### Cost Volume Profit (CVP) Analysis

**Cost-Volume-Profit Analysis**

- · Cost-Volume-Profit (CVP) is a managerial decision-making tool that focuses on the relationships among product prices, the volume and mix of units sold, variable and fixed costs, and profit. This approach allows managers to see how a change in one or more of these variables will impact profitability while holding everything else constant.

- o Assumptions of Cost-Volume-Profit Analysis – CVP analysis is based on the following assumptions:
- § A straight line can be used to describe how total cost and total revenue change across the relevant range of activity – The first assumption continues the linear approach we learned in the cost behavior section. Although total cost and activity are not always perfectly linear, a straight line should provide a reasonable approximation, at least within a limited range of activity (relevant range).
- § All costs can be accurately described as either fixed or variable – all costs can be classified as variable or fixed. For mixed costs or those that have both a fixed and variable component, we can use the high-low method or least squares regression to separate the two effects.
- § Changes in total cost are due strictly to changes in the volume of units produced or customers served – The third assumption is that total costs change only as a result of a change in the number of units produced or customers served. We ignore other factors that can affect total cost such as employee learning curves, productivity gains, and quantity discounts for buying in bulk.
- § Production and sales are equal – Production equals sales, keeps inventory levels constant and avoids any difference in profit that can occur due to the accounting method used to value inventory.
- § Companies that sell more than one product or service maintain a constant product or sales mix – this assumption is needed to perform multi-product CVP analysis.

- o Cost-Volume-Profit (CVP) Graph – A CVP graph is useful for visualizing the relationship between total revenue, total costs, the volume of units sold, and profit. Although the CVP graph is useful for conceptualizing cost and revenue relationships, we must use equations or formulas to compute the exact numbers.

- o Break-Even Analysis – determines the level of sales (unit or total sales dollars) needed to break even, or earn zero profit. Several methods used to find the break even point are:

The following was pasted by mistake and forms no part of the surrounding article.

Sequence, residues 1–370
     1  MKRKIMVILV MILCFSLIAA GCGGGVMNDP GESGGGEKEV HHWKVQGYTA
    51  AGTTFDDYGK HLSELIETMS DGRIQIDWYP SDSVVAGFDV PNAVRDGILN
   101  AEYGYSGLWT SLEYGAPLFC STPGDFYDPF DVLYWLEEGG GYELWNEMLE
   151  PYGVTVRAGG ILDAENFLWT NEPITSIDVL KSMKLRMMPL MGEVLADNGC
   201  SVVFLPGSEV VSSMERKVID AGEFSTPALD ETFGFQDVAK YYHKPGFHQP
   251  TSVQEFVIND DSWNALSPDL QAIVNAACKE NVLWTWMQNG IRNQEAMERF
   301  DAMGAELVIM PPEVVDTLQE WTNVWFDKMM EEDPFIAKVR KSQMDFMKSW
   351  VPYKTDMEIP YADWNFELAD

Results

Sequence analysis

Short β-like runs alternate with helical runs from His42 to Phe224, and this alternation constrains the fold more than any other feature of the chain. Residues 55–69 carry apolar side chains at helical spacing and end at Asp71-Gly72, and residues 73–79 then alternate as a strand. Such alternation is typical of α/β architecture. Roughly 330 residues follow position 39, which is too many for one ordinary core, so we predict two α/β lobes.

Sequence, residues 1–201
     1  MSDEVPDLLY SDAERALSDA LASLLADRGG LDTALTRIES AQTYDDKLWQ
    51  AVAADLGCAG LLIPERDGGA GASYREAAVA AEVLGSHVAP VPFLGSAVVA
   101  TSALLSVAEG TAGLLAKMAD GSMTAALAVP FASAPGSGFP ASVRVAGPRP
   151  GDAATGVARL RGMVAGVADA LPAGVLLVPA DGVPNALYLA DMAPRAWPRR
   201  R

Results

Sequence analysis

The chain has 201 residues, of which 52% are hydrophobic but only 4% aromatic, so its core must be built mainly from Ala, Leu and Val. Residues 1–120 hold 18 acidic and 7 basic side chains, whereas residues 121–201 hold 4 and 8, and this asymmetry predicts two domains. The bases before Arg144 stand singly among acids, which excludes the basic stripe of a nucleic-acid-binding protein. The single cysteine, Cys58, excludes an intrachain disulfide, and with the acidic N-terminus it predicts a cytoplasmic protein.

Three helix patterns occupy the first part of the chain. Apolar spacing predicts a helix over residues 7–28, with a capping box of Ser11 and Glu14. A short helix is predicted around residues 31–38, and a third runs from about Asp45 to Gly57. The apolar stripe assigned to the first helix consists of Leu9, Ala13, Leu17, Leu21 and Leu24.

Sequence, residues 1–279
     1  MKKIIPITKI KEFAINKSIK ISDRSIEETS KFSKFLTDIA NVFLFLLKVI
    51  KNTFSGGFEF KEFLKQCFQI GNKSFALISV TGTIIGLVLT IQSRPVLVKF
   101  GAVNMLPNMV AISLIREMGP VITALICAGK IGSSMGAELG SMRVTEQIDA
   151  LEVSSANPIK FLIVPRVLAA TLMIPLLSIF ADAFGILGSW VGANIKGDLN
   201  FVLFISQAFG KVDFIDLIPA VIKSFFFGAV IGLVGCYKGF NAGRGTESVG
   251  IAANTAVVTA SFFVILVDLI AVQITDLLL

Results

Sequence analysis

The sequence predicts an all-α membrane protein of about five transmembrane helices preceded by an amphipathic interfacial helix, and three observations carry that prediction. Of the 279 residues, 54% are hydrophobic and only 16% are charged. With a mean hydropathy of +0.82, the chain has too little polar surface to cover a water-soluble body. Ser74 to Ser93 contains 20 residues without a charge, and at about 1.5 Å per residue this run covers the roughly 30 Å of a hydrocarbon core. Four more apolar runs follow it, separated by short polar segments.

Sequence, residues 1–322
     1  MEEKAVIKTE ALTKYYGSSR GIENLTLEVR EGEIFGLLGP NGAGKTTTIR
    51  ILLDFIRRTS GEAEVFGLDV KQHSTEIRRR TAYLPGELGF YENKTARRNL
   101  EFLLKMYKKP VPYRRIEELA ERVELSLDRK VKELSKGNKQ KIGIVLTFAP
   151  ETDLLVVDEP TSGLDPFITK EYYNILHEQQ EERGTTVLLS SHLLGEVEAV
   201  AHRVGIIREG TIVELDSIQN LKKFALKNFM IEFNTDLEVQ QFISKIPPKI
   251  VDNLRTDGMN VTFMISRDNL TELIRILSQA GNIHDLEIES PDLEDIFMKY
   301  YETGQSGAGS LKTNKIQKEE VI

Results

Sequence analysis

- § Profit Equation Method – uses an equation in which profit is defined as the difference between total sales revenue and total fixed and variable costs. The equation is as follows:
- · Total Sales – Total Var. Costs – Total Fixed Costs = Profit

(Unit Price x Q) – (Unit VC x Q) – Total FC = Profit. To find the break even point we set the equation equal to zero and solve for Q, which is the quantity of units which need to be sold in order to break even.

- § Unit Contribution Margin Method – the unit contribution margin tells us how much contribution margin is generated by each additional unit sold. The contribution margin is used to cover fixed costs, and what ever is left is profit. At break even, the total contribution margin equals total fixed costs so that profit is zero. The equation is: BE units = Total Fixed Costs/Unit Contribution Margin.

- § Contribution Margin Ratio Method – the third way to calculate the breakeven point is based on the contribution margin (CM) ratio. Recall that the contribution margin ratio is calculated by dividing the contribution margin by the sales revenue. The contribution margin ratio tells us how much contribution margin is generated by each dollar of sales revenue. At break even the total contribution margin must equal total fixed costs, with no profit leftover. The equation is: BE sales = Total Fixed Costs/Contribution Margin Ratio (%)

- o Target Profit Analysis – Although break-even is a common starting point for performing CVP, most managers want to do more than just break even. They want to earn a profit. Target profit analysis is extension of break-even analysis that allows managers to determine the number of units or total sales revenue needed to earn a target profit. To earn a target profit, the total contribution margin must be enough to cover the fixed costs plus the target profit. The following equations show the target profit in units or sales dollars:

Target Units = Total FC + Target profit/Unit Contribution Margin

Target Sales – Total FC + Target Profit/Contribution Margin Ratio (%)